Late June has a deep pro-LGBT history

Today's rulings coincide with other important dates in the fight for equality: Stonewall and Lawrence v. Texas

Topics: LGBT, Gay Rights, Marriage equality, Supreme Court, Stonewall,

Late June has a deep pro-LGBT historyPolice force people back outside the Stonewall Inn as tensions escalate the morning of June 28, 1969. (Credit: Wikimedia/Joseph Ambrosini)

With two landmark Supreme Court rulings, today’s date will undoubtedly be added to the canonical dates of the struggle for LGBT equality, made all the more meaningful by its close proximity to the anniversary of the Stonewall riots, which gave birth to the gay rights movement in America almost exactly 44 years ago, and the Supreme Court’s first major pro-equality decision 10 years ago today.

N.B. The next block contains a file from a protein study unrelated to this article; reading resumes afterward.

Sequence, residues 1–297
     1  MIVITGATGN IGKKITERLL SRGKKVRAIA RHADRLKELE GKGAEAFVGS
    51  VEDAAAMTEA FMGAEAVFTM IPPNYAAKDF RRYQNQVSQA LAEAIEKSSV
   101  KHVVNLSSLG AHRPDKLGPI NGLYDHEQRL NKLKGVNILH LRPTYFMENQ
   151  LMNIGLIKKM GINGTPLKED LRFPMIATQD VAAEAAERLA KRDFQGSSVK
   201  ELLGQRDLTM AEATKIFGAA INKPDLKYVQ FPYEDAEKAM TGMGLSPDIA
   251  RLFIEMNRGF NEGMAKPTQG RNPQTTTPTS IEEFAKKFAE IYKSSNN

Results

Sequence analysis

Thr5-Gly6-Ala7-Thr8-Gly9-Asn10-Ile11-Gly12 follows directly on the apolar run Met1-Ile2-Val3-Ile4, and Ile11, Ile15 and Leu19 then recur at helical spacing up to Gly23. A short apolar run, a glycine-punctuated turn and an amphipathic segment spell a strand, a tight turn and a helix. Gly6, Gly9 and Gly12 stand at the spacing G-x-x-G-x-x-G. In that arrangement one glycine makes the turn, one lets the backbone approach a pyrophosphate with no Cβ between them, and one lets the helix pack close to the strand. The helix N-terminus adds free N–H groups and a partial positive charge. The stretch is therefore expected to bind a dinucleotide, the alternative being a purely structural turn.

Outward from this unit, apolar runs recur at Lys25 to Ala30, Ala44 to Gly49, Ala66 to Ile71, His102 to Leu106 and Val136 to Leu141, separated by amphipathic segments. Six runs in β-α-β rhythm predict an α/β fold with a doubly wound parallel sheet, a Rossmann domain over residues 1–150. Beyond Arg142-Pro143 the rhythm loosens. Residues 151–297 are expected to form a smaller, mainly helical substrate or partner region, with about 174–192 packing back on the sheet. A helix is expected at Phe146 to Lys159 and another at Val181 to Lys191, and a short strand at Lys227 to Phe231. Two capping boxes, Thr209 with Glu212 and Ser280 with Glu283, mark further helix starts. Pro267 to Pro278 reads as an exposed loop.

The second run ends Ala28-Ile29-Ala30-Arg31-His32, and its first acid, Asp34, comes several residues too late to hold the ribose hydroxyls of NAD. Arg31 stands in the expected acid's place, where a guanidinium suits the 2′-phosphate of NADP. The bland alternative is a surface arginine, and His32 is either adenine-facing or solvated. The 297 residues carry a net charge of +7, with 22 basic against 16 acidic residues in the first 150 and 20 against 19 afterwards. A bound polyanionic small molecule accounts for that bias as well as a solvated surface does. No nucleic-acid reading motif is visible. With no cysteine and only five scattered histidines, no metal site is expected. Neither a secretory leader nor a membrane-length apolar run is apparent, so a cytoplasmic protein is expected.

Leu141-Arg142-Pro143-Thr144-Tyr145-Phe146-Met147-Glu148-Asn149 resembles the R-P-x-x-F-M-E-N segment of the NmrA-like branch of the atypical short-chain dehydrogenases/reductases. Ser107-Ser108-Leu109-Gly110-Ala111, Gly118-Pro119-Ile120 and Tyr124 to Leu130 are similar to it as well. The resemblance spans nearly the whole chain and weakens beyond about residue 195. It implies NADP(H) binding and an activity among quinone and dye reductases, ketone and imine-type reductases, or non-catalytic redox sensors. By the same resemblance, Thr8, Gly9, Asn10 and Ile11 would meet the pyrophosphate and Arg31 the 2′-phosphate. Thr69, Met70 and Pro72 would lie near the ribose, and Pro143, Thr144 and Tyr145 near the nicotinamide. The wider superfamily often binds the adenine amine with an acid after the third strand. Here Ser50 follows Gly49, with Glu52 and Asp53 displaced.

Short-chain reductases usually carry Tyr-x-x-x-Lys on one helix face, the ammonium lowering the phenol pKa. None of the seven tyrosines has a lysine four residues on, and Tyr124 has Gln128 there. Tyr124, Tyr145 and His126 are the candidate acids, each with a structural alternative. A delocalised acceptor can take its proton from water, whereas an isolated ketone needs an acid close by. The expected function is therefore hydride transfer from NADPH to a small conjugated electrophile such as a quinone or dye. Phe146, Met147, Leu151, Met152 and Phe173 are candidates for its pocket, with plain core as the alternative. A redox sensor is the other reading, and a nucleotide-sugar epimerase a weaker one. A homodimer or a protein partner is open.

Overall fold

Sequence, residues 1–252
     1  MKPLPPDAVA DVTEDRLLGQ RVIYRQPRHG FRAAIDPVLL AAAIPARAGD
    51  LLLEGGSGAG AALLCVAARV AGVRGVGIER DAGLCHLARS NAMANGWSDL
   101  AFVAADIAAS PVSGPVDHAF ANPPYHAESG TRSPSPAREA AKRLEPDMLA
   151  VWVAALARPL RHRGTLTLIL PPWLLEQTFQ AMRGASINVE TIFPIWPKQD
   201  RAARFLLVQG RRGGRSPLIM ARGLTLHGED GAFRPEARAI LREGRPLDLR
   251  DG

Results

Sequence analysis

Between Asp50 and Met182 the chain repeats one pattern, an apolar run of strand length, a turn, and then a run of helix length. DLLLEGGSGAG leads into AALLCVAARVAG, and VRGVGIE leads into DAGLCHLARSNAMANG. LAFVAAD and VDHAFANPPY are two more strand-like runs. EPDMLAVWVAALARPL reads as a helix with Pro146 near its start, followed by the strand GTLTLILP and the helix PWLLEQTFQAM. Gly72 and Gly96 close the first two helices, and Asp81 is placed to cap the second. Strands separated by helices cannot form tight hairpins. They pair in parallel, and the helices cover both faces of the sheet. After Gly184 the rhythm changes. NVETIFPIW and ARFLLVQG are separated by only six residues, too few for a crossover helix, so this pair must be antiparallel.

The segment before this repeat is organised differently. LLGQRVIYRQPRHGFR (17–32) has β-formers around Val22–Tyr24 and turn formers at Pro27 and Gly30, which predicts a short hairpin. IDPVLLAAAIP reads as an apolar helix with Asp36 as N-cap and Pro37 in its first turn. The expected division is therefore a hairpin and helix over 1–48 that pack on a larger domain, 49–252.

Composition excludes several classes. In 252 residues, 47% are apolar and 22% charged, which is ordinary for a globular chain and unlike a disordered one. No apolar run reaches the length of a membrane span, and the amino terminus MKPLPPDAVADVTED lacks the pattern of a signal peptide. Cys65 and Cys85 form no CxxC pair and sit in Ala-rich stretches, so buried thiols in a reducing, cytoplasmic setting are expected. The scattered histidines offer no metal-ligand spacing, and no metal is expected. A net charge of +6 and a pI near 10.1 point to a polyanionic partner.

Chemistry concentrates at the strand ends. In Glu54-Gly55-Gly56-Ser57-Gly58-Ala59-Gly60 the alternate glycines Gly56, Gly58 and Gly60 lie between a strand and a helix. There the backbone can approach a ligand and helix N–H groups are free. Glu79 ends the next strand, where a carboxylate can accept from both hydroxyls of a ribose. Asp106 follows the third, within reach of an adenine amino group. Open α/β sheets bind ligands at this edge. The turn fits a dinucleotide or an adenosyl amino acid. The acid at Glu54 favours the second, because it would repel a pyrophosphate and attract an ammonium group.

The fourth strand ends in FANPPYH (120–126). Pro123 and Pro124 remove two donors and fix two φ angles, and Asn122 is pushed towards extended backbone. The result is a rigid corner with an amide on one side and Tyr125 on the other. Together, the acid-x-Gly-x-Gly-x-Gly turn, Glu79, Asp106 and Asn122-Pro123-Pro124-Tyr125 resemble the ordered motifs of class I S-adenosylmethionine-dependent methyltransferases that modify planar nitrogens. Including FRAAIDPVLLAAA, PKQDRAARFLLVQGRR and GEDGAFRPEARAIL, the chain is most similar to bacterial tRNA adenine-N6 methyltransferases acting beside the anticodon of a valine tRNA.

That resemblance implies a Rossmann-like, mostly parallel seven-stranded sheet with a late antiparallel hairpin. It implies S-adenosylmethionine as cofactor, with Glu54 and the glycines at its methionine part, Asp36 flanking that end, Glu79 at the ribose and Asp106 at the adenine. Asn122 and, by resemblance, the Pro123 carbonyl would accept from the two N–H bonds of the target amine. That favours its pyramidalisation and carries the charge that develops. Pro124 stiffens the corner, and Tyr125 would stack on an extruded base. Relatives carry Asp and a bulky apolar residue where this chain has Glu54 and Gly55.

Shortly after midnight on June 28, 1969, police in New York raided the Stonewall Inn in Greenwich Village, arresting and harassing the gay clientele. It was like countless previous police raids on gay clubs until a series of escalating events led to open rebellion in the Village, and sparked the beginning of the gay equality movement. A year later, June 28 marked the first Gay Pride protests in a handful of major cities. To this day, most Pride rallies, including those in other countries, are still held at the end of June in honor of Stonewall, and this weekend’s festivities in San Francisco, New York and other cities promise to be all the more buoyant, given the Supreme Court’s rulings.

Coincidentally, today also marks the 10-year anniversary of the day the Supreme Court handed down its landmark ruling in Lawrence v. Texas, which struck down anti-sodomy laws. It was an early victory in a string of legal advances for LGBT equality, leading to today’s.

Alex Seitz-Wald

Alex Seitz-Wald is Salon's political reporter. Email him at aseitz-wald@salon.com, and follow him on Twitter @aseitzwald.

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